quality

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the quality

The condition of something, usually as good or bad. I can barely hear you—the quality of this phone call is terrible. I was willing to spend a little more on these boots because the quality is great.
See also: quality

chuckle with (a particular quality)

To laugh in a particular manner. I couldn't help but chuckle with delight when I saw the little girl feed her ice cream cone to her dog.
See also: chuckle, particular

nice and (something)

Very something. Used to emphasize how nice something is because of the particular quality named after "and." I love your new house! It's nice and bright inside! Ah, this lemonade is nice and cold—just the thing for such a hot day.
See also: and, nice

quality time

Time spent interacting with someone in a close, meaningful way. This Christmas, I want to spend some real quality time with the family instead of having everyone stuck on their phones and tablets the whole time. I'm looking forward to having some quality time with you on our camping trip.
See also: quality, time

nice and some quality

[being or having] enough of some quality; adequately; sufficiently. It is nice and cool this evening. I think your steak is nice and done now, just the way you like it.
See also: and, nice, quality

quality time

time spent with someone allowing interaction and closeness. He was able to spend a few minutes of quality time with his son, Buxton, at least once every two weeks.
See also: quality, time

quality Joe

n. an innocent or straight (male) person. (Underworld.) Lefty is not what I would call your average quality Joe.
See also: joe, quality

sterling qualities

Outstanding characteristics. The word sterling, long denoting a standard of value or purity for money, is believed to have come from a medieval coin that was marked with a star. It was extended to anything of sound intrinsic worth by the early nineteenth century. Washington Irving used it in The Alhambra (1832): “The nephew is a young man of sterling worth.”
See also: quality
References in periodicals archive ?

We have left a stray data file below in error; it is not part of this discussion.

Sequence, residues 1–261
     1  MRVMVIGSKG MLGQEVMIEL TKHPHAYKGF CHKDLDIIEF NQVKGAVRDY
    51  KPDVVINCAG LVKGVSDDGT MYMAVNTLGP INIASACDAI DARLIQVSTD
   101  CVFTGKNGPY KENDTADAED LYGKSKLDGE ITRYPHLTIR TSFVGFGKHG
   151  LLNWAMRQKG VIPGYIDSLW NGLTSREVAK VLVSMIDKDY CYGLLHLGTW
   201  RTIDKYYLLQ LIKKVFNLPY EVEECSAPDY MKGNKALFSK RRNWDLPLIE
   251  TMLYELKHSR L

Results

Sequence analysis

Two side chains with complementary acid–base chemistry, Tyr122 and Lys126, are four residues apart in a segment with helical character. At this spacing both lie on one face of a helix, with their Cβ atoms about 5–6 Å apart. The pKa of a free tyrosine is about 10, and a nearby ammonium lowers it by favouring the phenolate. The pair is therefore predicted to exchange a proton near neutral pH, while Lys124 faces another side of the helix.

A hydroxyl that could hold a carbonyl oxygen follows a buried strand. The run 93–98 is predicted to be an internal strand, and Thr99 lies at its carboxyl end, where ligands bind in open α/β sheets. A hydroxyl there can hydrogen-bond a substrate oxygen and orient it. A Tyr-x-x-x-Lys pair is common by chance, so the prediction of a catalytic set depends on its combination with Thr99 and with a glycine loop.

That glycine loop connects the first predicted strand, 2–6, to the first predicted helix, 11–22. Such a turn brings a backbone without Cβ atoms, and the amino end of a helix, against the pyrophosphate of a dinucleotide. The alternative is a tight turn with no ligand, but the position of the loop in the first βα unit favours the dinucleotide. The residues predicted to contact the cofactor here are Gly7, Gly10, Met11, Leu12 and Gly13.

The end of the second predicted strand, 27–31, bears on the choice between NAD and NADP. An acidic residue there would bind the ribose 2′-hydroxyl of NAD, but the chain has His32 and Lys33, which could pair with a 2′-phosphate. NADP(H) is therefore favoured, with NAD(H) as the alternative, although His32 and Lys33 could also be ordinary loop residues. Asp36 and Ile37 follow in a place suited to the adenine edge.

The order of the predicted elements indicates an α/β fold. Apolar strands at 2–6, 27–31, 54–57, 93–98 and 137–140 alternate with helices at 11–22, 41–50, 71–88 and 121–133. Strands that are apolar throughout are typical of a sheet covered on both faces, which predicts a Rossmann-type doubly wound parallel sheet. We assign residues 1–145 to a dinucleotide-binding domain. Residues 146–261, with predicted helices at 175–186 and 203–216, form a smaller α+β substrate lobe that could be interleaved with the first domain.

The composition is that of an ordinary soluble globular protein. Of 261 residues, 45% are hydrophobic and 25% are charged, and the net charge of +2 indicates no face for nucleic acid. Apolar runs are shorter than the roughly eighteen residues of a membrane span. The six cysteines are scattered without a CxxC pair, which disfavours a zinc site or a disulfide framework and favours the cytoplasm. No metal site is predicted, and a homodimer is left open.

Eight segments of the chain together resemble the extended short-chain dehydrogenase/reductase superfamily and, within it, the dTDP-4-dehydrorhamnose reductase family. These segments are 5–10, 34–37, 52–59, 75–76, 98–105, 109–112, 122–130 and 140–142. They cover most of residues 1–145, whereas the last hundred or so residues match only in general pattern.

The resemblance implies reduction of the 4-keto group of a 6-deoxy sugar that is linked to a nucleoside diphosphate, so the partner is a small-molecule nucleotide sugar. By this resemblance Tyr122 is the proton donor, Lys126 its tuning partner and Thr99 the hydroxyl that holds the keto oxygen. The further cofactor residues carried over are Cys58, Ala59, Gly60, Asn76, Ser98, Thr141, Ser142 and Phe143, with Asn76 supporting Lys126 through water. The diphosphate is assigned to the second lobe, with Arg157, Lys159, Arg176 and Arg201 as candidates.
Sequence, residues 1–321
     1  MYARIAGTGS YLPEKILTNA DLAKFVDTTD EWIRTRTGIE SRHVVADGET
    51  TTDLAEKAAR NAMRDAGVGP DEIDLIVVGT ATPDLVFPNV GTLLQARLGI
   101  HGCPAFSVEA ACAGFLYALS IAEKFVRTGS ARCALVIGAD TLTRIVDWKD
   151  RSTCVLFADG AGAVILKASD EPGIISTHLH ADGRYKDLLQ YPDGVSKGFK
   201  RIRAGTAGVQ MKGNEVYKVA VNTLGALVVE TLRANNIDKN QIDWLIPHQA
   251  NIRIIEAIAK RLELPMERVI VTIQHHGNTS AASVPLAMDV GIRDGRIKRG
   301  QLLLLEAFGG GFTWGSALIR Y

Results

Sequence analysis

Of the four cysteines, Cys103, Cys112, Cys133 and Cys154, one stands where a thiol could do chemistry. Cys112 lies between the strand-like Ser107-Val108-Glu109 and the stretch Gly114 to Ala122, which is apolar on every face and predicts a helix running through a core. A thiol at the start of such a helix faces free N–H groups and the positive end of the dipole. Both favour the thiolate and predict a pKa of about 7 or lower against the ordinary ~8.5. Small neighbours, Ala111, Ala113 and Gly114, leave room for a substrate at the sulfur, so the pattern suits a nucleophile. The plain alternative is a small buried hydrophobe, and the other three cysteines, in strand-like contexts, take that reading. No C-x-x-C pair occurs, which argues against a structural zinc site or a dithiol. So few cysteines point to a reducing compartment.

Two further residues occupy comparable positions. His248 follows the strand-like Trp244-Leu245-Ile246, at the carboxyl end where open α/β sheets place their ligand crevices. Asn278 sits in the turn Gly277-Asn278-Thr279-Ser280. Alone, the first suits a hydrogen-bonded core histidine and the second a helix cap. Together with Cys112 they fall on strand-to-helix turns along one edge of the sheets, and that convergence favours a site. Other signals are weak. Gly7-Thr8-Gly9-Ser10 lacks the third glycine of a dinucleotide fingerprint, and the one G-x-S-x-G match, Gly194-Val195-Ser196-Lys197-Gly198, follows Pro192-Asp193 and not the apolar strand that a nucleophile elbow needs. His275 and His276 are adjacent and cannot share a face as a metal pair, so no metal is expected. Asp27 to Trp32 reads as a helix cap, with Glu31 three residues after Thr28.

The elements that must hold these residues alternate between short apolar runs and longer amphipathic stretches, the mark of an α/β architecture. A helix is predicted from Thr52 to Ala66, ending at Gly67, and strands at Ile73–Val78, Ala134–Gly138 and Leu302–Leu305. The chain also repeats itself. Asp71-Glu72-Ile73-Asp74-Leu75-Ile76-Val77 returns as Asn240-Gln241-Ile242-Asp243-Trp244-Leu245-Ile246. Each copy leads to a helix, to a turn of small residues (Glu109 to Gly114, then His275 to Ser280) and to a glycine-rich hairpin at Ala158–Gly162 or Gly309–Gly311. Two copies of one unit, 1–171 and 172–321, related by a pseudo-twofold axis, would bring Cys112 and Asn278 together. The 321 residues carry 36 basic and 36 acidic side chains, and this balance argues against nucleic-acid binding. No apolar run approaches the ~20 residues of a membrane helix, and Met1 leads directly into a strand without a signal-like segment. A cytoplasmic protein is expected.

Once library managers understand the service standards for a position, they would do well to examine some of the essential qualities these standards represent.
Personal qualities are the attributes of the individual providing the service, such as the voice inflection used when the telephone is answered, and the appearance of that individual.
It is the function of the board and administration to ensure these qualities. Of course, the institution has to provide equipment, technicians, nurses, etc.
Relevance and reliability are the qualities that "distinguish 'better' (more useful) information from 'inferior' (less useful) information." Relevance is defined as "the capacity of information to make a difference in a decision by helping users to form predictions about the outcomes of past, present, and future events or to confirm or correct prior expectations." Reliability is defined as "the quality of information that assures that information is reasonably free from error and bias and faithfully represents what it purports to represent."
This code, published in 1983, seems disappointingly vague and easy to achieve without demonstrating any real improvement in what Director of INSPEC Aitchison (1988) identifies as the five desirable but lacking qualities for database production: "Absolute accuracy.
Revans documented years ago that qualities of the interpersonal culture of provider organizations clearly influenced the length of stay of patients with identical medical conditions: the healthier the culture, the faster the healing.
It deals with qualities (death, complications, recovery, viable delivery) and quantities (any at all, percentages, relative scales, etc.).
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